The mare and I had a fantastic day, worked through a ton of stuff and it struck me hard I should bring her home. I hope her owners keep her, go on with her and write a wonderful story of success with their very good little horse. She just needs a chance to relax and gain trust.
My friend Colleen had offered up some suggestions that we bring Royal out to her place, stand him tied to his hated trailer beside her good Smore gelding and let him soak there. I am game for anything and at this point, the light is slowly dawning once again that I am likely more the problem than he is.
Opportunity arose when the Omaha Stockyards Saddle Club hosted their annual clean up. Colleen is a long time member and I have skipped in and out. I would load the horse, we would stand him tied with Smore, do our chores and then head for Cunningham Lake for a long ride.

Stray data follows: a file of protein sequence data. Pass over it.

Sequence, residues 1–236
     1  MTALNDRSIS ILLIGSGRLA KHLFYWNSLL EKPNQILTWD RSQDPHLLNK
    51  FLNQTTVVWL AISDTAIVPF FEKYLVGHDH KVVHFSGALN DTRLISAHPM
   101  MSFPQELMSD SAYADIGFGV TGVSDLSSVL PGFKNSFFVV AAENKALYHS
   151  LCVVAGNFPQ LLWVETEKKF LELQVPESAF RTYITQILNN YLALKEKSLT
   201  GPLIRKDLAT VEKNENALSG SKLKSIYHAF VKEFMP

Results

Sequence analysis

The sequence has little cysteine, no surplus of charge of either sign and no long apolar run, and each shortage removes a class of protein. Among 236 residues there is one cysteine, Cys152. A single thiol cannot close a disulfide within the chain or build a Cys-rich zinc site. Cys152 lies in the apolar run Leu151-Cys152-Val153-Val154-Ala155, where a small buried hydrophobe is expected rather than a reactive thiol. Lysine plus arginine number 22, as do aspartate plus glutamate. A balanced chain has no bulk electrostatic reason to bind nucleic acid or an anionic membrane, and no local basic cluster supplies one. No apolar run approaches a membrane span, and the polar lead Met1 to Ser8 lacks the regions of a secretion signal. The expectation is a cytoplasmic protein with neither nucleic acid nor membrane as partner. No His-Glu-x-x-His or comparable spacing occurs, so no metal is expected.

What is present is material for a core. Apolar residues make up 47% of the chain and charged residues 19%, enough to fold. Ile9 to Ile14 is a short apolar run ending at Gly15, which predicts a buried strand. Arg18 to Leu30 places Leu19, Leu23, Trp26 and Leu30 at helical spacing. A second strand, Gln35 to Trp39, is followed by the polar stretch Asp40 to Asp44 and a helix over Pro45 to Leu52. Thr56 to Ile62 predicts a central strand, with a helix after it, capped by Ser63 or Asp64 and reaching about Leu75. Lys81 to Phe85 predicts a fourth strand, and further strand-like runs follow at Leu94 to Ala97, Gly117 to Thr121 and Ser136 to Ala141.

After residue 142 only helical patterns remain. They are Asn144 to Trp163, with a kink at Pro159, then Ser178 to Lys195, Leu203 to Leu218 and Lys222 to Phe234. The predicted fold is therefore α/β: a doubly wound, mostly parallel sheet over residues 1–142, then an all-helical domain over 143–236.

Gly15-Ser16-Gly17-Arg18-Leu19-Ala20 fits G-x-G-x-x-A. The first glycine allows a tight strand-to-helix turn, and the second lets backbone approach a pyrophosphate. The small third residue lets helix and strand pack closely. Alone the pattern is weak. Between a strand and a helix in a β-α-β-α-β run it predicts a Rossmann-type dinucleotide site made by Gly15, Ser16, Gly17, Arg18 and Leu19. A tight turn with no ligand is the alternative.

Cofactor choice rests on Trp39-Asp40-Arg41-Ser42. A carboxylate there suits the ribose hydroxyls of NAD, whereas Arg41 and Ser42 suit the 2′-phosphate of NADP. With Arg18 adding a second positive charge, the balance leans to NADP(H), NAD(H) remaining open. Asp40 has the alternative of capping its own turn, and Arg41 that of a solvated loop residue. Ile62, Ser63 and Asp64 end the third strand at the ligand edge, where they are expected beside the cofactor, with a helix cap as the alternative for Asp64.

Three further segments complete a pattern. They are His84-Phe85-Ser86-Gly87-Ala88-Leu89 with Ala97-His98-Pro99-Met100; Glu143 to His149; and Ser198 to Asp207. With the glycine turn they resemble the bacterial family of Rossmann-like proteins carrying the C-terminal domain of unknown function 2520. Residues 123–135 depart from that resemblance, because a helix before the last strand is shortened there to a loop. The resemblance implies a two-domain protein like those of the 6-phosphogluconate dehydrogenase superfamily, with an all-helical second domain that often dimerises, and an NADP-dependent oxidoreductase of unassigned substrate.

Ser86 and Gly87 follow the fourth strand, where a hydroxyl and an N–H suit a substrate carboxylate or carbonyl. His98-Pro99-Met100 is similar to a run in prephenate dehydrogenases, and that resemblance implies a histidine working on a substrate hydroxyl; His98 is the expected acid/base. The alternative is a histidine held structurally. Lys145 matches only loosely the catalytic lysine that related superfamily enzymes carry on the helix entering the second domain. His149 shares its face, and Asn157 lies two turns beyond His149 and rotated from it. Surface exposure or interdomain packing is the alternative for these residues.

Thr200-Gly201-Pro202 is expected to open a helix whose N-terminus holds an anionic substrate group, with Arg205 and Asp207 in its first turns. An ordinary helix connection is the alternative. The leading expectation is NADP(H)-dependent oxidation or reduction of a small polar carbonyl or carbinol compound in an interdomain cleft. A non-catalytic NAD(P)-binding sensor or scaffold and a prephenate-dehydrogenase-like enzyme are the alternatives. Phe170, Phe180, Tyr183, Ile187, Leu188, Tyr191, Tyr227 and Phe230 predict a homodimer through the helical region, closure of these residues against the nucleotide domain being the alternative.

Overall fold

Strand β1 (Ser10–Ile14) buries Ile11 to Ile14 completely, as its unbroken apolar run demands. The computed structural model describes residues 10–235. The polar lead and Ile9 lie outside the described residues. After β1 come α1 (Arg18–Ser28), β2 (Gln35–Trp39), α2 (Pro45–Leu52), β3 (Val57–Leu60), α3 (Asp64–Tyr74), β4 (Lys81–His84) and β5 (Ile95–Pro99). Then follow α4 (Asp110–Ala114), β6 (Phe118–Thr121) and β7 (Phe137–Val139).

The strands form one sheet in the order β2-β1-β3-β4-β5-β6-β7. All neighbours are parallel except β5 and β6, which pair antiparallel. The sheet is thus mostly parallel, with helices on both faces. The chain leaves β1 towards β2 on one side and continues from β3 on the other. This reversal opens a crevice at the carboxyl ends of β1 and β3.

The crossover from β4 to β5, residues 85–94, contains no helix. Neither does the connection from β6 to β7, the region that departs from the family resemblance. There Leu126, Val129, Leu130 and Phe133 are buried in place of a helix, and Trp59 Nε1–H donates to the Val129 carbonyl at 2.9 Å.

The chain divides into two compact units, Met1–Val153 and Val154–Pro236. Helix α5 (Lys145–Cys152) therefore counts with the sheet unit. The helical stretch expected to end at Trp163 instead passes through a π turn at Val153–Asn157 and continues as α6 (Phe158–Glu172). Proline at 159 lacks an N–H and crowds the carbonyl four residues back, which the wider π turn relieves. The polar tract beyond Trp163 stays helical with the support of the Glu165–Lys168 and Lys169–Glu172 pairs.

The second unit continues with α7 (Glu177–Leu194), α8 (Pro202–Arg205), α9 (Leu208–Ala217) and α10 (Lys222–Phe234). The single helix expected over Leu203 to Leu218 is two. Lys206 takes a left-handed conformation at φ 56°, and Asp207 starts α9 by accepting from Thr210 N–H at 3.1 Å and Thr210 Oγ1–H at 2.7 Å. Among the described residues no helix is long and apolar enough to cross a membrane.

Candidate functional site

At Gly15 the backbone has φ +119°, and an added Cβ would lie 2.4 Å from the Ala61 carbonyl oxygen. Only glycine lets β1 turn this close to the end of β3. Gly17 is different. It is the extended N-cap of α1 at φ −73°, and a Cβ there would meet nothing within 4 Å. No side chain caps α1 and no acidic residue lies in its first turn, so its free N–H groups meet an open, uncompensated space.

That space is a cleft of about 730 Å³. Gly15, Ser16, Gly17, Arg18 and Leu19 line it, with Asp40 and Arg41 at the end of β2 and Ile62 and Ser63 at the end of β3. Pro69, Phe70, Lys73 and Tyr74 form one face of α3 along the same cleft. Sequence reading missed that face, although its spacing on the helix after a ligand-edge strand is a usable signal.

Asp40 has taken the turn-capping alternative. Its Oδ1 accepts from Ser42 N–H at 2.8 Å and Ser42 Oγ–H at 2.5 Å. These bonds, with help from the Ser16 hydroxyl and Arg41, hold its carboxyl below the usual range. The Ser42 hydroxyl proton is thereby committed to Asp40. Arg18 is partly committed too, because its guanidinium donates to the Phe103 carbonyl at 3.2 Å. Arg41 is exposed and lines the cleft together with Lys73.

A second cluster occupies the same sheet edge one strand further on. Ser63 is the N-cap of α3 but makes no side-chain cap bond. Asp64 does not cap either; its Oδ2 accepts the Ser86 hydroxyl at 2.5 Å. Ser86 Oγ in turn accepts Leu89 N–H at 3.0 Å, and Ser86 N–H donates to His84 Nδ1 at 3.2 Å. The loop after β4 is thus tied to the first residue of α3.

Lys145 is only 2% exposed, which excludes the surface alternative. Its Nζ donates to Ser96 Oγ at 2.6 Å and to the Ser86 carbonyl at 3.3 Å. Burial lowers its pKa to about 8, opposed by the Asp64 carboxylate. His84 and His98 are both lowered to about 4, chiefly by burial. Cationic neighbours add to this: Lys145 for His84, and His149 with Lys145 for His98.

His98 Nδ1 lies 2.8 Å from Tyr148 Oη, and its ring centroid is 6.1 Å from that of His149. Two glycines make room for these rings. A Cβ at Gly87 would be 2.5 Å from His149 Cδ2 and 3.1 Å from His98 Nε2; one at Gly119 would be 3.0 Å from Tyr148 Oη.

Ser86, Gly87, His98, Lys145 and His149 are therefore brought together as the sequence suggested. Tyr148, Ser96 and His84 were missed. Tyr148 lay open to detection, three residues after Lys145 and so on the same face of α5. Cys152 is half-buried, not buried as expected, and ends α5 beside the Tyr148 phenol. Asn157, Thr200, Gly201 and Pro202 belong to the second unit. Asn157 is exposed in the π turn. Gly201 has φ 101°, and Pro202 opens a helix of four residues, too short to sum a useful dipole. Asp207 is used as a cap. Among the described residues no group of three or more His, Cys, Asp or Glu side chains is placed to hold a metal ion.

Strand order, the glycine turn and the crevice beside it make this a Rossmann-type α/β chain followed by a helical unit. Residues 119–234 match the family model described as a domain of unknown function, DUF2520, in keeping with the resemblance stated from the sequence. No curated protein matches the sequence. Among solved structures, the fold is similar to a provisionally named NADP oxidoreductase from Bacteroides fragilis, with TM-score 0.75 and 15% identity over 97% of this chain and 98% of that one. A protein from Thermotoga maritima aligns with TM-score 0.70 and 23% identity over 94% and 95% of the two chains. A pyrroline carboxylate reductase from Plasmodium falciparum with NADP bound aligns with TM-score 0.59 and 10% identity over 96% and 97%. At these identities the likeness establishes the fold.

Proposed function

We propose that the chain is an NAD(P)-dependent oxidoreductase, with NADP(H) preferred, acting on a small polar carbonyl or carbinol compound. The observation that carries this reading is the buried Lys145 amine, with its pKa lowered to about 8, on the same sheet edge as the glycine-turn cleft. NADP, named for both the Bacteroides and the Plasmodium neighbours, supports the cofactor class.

Loading him, I had to channel another me, one that was arrogant and thought there was no horse I could not load. I do not miss the bravado of that person but I do miss the confidence. I got the job done, minimum drama and thought we might have a shot at a decent day.
My heart still rattled in my chest at the thought of Royal possibly blowing up, doing himself in, wrecking the barely paid for new to us trailer . . . the nightmares were alive and well in broad daylight.
Here he is, suspiciously examining the dubious trailer
Colleen was willing to lend a hand and I gratefully stepped aside and allowed her to do her magic. She helped my horse understand that rushing out of the trailer was not going to do for him what he needed done. Head lowered, he wouldn’t whack himself on the roof.